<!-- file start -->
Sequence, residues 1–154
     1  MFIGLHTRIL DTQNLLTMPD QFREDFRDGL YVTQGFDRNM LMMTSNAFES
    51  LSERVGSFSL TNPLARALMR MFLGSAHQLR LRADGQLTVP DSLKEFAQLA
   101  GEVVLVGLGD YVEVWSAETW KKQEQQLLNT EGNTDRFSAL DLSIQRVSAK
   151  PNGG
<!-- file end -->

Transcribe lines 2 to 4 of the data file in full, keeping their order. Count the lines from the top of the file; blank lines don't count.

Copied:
     1  MFIGLHTRIL DTQNLLTMPD QFREDFRDGL YVTQGFDRNM LMMTSNAFES
    51  LSERVGSFSL TNPLARALMR MFLGSAHQLR LRADGQLTVP DSLKEFAQLA
   101  GEVVLVGLGD YVEVWSAETW KKQEQQLLNT EGNTDRFSAL DLSIQRVSAK